Then there’s, in terms of its net cost to the state, the Moby Dick of tax exemptions, the Motion Picture Investor Tax Credit. Unlike almost every other one on the books, it and its companion entertainment activities actually have a legal requirement to report their costs and benefits (every two years). Since FY 2009 the levels of these nearly have doubled as well (though the latest reporting year FY 2012) and are estimated to go a couple of dozen million higher to $258 million certified for FY 2014, but are extremely inefficient as historically they only return one dollar to the state treasury for every seven that go out. The latest FY 2012 figure showed a $168 million net cost to the state. Worse, in last year’s tax amnesty these credits were used to prevent the state from collecting $67 million, a loophole closed for this year’s.

To summarize, large growth in these least productive and significant-sized tax exemptions over the past few years likely dampened revenues and accounted for a significant proportions of forecast error. Without these, it’s possible that just in the past year the state might have taken in some $500 million extra in revenues, and forecasters would have undershot on the revenue side.

But undoubtedly some also is the fault of Obama economic policies. For example, the loosening of qualifications for disability payments – Supplemental Security Income – just like the state (and federal) EITC creates incentives for people to quit or reduce work instead of acting to supply tax revenue inputs and to grow the economy, and provides incentive for them to access welfare programs that cost the state. This combined with the general malaise induced by the Obama program of higher taxes, increased regulation, and bigger government crowding out the private sector is reflected nationally and in Louisiana by a decline in the workforce participation rate. Reflecting the nation, Louisiana’s has tumbled to its lowest point in 35 years, helped along in part (the general malaise also discouraging people from seeking work) by an increase in SSI recipients in the state for disability from about 155,000 in 2009 to around 169,000 in 2013, with almost all of that net increase occurring the working age population of 18-64.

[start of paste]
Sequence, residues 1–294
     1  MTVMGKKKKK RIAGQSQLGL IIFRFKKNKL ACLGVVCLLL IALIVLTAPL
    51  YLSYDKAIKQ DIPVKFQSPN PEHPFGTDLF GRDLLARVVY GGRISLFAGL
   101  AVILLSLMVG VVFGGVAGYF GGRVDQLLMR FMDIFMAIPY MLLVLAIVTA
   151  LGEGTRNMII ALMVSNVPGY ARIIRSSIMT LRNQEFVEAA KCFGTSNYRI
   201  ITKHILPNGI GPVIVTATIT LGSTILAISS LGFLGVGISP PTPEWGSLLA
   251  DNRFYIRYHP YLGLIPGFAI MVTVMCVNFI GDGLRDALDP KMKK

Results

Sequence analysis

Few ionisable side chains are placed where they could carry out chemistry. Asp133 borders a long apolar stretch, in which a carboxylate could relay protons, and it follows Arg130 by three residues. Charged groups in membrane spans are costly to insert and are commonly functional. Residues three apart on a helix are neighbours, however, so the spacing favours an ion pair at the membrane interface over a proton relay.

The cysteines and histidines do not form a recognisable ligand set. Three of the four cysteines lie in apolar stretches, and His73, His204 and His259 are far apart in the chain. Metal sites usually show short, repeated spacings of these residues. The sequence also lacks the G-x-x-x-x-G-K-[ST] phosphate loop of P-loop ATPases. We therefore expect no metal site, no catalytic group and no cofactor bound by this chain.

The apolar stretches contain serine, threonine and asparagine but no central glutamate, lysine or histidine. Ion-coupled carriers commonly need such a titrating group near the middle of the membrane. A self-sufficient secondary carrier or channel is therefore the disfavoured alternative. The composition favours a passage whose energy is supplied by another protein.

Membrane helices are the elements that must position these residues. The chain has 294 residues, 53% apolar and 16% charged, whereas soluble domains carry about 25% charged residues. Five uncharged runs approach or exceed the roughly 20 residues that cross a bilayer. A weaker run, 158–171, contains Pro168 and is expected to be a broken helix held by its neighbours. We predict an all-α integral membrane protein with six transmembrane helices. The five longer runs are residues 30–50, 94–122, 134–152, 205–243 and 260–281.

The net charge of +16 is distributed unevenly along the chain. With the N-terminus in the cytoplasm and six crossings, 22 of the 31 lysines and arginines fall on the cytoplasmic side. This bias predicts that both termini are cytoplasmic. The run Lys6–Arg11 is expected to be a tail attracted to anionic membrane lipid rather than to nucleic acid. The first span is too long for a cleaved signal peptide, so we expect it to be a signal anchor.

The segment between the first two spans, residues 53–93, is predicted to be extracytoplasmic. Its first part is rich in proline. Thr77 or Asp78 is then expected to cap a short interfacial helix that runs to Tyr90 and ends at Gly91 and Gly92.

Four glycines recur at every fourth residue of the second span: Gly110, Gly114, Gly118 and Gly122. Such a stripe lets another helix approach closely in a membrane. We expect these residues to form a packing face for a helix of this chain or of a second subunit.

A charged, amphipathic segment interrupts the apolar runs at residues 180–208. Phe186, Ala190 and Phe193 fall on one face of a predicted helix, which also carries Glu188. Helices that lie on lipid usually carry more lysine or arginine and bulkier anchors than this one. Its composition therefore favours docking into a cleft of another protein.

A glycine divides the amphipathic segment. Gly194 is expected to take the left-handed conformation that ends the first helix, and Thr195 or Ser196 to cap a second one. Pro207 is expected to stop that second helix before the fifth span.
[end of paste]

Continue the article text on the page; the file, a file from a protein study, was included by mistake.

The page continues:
So some of this is out of the state’s control. But the main reason why improving state wealth and productivity has translated into flat revenues would appear to be injudicious choices in tax exemptions granted. Fortunately, this is a problem that can be fixed by reducing in size or eliminating the offending items mentioned above, and others, and constitutionally the Legislature may do so in the 2015 regular session.

Unfortunately, being that it will happen just prior to state elections, legislators will be reluctant to involve themselves with powerful economic and ideological lobbies that would fight to prevent these kinds of alterations. So too will they get opposition for any spending cuts right before many run for reelection or to sit in the other chamber that could allow continuing affordability of these items to keep placating the special interests behind these. Funds sweeps are uncertain, amnesties are too episodic, and luck of the revenue draw can’t be depended upon to salvage budgets forever. A combination of tax exemption reform and permanent spending cuts would constitute a first step in making for a sounder fiscal structure to state budgeting.